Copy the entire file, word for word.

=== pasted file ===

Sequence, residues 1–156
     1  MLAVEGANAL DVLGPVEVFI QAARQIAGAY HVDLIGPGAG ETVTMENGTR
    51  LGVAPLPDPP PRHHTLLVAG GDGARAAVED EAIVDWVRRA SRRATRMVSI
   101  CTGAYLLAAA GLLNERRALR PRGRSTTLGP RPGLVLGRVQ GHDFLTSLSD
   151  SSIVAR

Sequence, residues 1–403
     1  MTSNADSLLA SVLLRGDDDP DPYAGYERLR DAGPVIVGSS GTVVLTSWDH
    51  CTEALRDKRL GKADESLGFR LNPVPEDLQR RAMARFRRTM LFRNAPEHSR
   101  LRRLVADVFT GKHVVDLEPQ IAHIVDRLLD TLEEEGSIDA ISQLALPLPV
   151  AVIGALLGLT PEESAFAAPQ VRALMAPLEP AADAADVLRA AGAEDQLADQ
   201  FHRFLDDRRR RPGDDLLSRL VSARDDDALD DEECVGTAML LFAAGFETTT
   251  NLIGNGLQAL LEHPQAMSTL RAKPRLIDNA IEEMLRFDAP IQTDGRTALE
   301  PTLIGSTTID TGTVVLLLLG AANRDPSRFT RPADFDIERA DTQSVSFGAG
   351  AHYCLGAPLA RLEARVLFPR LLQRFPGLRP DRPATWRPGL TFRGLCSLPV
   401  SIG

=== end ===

Sequence, residues 1–156
     1  MLAVEGANAL DVLGPVEVFI QAARQIAGAY HVDLIGPGAG ETVTMENGTR
    51  LGVAPLPDPP PRHHTLLVAG GDGARAAVED EAIVDWVRRA SRRATRMVSI
   101  CTGAYLLAAA GLLNERRALR PRGRSTTLGP RPGLVLGRVQ GHDFLTSLSD
   151  SSIVAR

Sequence, residues 1–403
     1  MTSNADSLLA SVLLRGDDDP DPYAGYERLR DAGPVIVGSS GTVVLTSWDH
    51  CTEALRDKRL GKADESLGFR LNPVPEDLQR RAMARFRRTM LFRNAPEHSR
   101  LRRLVADVFT GKHVVDLEPQ IAHIVDRLLD TLEEEGSIDA ISQLALPLPV
   151  AVIGALLGLT PEESAFAAPQ VRALMAPLEP AADAADVLRA AGAEDQLADQ
   201  FHRFLDDRRR RPGDDLLSRL VSARDDDALD DEECVGTAML LFAAGFETTT
   251  NLIGNGLQAL LEHPQAMSTL RAKPRLIDNA IEEMLRFDAP IQTDGRTALE
   301  PTLIGSTTID TGTVVLLLLG AANRDPSRFT RPADFDIERA DTQSVSFGAG
   351  AHYCLGAPLA RLEARVLFPR LLQRFPGLRP DRPATWRPGL TFRGLCSLPV
   401  SIG